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Escalating uncertainty in financial markets calls for a defensive strategy as investors seek safe havens, says CIBC Asset Management’s senior analyst.

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CIBC’s Éric Morin said economic growth has been resilient, as reflected in labour and housing shortages. These shortages contribute to inflation, reinforcing the need for interest rates to remain elevated for an extended period. He still expects a hard landing, though the timing is uncertain.

“The big picture implication on our side is that we have an asset allocation that is more defensive,” said Morin.

That means favouring government bonds and cash. Morin expects bond yields to decline as growth decelerates, leading to higher bond prices. Meanwhile, cash investments offer stability and flexibility, providing an attractive carry with minimal valuation risk.

“It doesn’t happen often that you get paid to [stay] on the sidelines,” he said.

His outlook for equities and other kinds of bonds, however, is gloomier.

Morin predicts stocks will decline, particularly in the overvalued U.S. market, and that credit spreads will widen. On the fixed income side, he prefers emerging markets such as India and Indonesia due to undervalued currencies.

While the U.S. dollar may experience short-term upside due to its safe-haven status, Morin cautioned that it is historically expensive, limiting significant gains. Conversely, several emerging market currencies are cheap, bolstering the appeal of government bonds in those markets.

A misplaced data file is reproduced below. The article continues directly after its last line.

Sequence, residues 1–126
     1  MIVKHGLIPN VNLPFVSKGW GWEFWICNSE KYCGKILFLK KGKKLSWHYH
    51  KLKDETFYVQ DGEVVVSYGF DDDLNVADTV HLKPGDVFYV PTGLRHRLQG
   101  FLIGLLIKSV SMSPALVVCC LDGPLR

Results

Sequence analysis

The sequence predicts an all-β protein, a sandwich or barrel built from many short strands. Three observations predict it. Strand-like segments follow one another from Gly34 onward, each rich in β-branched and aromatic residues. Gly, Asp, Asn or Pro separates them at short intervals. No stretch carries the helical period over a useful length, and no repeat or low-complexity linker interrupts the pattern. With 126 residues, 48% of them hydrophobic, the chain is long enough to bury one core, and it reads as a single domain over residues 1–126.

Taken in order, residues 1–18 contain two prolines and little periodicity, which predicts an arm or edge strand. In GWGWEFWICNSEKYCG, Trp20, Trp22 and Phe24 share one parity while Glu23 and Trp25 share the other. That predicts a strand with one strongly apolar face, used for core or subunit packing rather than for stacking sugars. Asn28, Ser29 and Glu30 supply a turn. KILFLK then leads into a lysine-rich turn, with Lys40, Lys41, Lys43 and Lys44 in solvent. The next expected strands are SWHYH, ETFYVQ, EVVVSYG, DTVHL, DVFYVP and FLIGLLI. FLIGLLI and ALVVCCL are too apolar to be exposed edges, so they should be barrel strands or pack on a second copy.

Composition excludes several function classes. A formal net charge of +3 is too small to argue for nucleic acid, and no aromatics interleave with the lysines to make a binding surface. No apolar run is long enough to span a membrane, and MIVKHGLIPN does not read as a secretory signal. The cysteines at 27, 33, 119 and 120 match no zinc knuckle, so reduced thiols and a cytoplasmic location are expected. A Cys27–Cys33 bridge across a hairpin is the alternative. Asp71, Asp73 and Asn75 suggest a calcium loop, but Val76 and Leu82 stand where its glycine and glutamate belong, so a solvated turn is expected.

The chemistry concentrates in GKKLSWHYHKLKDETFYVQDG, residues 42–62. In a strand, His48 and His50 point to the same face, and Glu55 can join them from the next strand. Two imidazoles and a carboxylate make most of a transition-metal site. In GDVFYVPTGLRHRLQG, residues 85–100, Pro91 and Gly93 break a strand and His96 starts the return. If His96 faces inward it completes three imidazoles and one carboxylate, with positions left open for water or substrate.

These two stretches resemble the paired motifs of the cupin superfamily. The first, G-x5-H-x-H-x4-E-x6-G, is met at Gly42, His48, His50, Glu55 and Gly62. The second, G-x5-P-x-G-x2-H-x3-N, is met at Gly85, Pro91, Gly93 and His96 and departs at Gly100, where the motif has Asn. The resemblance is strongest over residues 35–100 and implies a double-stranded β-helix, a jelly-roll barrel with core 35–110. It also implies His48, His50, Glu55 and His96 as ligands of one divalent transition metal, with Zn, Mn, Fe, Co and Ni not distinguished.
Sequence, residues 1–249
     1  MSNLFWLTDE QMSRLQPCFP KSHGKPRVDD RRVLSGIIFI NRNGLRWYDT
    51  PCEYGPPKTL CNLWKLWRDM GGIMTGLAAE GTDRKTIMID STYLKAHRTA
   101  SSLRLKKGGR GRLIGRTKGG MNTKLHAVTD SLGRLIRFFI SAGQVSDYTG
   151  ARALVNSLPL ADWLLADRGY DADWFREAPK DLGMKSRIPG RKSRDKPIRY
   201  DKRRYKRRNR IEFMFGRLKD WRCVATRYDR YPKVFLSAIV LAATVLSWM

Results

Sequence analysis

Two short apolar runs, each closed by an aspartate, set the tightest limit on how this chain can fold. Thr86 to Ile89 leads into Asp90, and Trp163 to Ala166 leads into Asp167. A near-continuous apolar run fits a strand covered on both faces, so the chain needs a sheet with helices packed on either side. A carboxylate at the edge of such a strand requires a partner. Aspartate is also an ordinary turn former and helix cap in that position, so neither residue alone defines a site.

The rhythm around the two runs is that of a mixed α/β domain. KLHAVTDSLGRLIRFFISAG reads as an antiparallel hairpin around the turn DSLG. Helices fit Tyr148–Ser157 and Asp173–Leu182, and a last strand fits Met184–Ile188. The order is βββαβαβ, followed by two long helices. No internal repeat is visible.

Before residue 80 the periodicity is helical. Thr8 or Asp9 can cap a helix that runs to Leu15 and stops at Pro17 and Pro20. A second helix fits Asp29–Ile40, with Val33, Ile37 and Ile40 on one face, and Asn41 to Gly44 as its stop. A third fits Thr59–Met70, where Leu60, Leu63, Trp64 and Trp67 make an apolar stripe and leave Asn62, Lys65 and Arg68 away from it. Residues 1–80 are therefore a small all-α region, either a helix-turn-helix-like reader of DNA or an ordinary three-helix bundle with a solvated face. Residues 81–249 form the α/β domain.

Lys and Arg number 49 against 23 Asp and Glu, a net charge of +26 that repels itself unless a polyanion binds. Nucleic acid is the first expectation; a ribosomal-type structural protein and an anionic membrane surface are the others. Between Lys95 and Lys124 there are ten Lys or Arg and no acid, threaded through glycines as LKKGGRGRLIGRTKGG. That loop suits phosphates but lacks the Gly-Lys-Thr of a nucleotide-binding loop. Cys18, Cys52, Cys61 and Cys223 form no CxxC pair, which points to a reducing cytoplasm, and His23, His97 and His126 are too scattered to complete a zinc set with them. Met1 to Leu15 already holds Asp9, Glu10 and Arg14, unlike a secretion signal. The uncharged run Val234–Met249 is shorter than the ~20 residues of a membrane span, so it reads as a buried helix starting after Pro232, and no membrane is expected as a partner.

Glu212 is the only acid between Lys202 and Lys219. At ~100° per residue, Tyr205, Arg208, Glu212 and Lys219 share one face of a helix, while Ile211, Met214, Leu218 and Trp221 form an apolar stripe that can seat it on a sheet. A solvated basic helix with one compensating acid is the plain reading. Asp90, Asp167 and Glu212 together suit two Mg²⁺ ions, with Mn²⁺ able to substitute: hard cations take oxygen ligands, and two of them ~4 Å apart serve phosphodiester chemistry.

Morin said he’s also looking to gold as a hedge against idiosyncratic risks. Those include fiscal and monetary policy mistakes, as well as geopolitical tensions.

Looking ahead, Morin said markets are underestimating significant downside risks to the global economy. Restrictive U.S. monetary policy is having an effect, as seen in retail sales and manufacturing activity.

The slowdown could be even more pronounced in China, Morin said, prompting policymakers to launch new rounds of stimulus. Although China poses increasing concerns for the global economy, policymakers have more leeway, he said.

Overall, Morin said his defensive strategy aligns with expectations of continued weakness in global growth, particularly in the U.S. and China. Sticky inflation, resulting from worker and housing shortages, means the Federal Reserve has less room for cuts in the event of a recession.

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